Voters Cite Climate Change, Keeping School Board Members In Place, Civic Duty, As Reasons To Vote

Nov 6, 2018

In Brunswick County, elections officials reported a steady stream of voters with no lines in most locations. 

Renee Sanders-Lawson, voting at Belville Elementary, says she would like to see everyone speak up.

"Today is the time for everyone to know you have a voice.  Either you make that decision to speak up or you be silent and live with the consequences.  This is not the day to do that."

In New Hanover County, Sarah Barnett voted at JC Roe.  GenX, she says, is, hands down, her number  one issue.  

"...Because I don’t want us to end up like Flint, MI… not that it’s anywhere near what they’re going through but I just feel like they’ve been kind of irresponsible with our water quality."

Kim Perry also voted at JC Roe.  She says she always votes, but this year, there seems to be more at stake.

"I don’t believe in any of the amendments and I voted against each one of them.  I think a lot of those are  already in place and they don’t need to be rewritten."

Perry says she is a registered Democrat, but she votes by candidate and not by party -- evidenced, she says, by her school board vote.  

"Cavanaugh and Hayes.  I voted for them, and I want to make sure they remain in place."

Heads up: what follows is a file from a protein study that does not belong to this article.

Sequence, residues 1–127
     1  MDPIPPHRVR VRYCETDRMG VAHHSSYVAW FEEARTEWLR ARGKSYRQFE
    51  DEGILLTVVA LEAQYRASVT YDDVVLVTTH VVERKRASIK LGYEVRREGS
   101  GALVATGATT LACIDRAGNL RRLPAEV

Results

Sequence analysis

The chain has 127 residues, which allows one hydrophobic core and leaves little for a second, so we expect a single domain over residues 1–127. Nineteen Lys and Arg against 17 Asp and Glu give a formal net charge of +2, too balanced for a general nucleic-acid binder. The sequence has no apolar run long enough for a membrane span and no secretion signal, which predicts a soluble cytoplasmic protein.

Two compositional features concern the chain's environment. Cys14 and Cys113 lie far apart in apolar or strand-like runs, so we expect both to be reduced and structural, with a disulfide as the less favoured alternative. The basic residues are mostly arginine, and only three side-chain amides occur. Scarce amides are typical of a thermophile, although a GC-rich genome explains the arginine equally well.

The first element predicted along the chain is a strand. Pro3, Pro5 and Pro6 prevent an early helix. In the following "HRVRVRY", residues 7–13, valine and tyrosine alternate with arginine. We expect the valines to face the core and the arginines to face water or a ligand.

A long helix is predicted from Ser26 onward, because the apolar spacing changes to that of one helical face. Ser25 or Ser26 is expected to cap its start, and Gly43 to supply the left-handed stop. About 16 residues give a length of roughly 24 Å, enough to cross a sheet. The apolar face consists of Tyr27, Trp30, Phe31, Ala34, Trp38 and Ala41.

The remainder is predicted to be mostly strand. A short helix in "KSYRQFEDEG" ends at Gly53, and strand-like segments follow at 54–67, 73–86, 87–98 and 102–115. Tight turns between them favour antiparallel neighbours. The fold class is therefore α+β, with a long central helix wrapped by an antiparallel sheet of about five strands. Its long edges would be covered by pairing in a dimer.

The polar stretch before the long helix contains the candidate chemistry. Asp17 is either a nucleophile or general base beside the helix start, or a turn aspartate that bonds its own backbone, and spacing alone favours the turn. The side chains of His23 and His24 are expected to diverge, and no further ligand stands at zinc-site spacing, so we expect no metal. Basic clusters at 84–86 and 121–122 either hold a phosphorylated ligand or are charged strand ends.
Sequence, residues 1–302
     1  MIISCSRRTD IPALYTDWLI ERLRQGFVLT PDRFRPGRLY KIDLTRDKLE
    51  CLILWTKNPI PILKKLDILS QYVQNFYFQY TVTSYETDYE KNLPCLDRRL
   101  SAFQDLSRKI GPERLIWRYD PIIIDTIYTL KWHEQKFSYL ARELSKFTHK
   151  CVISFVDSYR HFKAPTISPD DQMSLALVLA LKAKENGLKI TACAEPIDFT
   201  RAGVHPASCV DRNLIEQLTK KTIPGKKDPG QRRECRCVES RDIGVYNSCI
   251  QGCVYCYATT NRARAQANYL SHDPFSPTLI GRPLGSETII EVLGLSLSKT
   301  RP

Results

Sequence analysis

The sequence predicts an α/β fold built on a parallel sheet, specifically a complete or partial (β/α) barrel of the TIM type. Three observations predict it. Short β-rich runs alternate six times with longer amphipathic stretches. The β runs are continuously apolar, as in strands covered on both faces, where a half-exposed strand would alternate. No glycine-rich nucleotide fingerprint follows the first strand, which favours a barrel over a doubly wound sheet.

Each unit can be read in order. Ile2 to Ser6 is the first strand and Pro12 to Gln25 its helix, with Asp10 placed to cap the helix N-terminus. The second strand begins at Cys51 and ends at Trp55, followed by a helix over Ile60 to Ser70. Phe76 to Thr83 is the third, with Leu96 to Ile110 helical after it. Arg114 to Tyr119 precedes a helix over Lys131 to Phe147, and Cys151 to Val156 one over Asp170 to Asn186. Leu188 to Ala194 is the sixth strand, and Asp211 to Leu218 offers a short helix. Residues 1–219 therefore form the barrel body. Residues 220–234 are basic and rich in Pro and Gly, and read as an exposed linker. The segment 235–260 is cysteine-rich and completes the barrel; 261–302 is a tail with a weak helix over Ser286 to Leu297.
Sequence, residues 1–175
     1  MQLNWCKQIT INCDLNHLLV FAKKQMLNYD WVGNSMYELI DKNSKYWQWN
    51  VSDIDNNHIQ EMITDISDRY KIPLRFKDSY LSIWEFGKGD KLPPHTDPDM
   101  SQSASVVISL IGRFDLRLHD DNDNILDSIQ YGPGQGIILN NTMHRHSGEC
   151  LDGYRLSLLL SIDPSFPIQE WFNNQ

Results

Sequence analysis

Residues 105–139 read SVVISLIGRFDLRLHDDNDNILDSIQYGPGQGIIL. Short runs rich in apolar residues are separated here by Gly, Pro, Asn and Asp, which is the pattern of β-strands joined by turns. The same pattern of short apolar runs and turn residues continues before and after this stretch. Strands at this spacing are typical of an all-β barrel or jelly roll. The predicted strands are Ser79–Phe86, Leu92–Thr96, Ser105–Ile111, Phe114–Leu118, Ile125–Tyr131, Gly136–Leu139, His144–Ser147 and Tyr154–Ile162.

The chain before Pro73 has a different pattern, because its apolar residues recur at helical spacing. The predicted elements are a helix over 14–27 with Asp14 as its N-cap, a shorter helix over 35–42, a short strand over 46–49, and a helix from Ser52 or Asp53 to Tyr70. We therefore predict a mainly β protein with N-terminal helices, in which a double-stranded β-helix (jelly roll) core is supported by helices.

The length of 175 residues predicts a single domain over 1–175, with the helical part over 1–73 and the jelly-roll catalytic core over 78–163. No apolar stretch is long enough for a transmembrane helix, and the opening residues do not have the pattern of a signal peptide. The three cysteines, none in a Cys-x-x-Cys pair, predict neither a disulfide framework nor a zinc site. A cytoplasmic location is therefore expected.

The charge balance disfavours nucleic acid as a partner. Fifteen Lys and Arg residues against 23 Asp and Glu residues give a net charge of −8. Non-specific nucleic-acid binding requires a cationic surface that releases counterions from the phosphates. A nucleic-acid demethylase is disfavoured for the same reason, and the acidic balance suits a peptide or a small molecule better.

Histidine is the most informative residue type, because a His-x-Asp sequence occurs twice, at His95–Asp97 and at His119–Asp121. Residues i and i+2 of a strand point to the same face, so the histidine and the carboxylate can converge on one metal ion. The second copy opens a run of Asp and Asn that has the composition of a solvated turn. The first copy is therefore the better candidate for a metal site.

Greg Terlicky voted at Belville Elementary this afternoon, and while the reason he leads with is civic duty, some prodding reveals another concern:

"The data clearly shows there’s human involvement in climate change and I think we can stop it.  We can make the earth great again... I think scientific literacy is definitely a way that everyone can be more informed."

While he explains all this with a big smile on his face, he's serious.

"I mean, I want kids.  And I want those kids to have beautiful sunny days and not wear gas masks and become mole people…"

At the Leland Cultural Arts Center, which includes two different precincts, poll officials reported by 1:30 Tuesday afternoon, 604 people had voted at the two locations. 

The biggest issue, say election officials, is location – people showing up thinking they can vote at any polling place in their county of residence.  Unlike early voting, which ended Saturday, on Election Day citizens must head to their precinct’s correct polling location.    

Polls are open across the state until 7:30 this evening. Elections officials also encourage voters to use the provisional ballot – if it’s offered.  Once those ballots are verified, they are counted.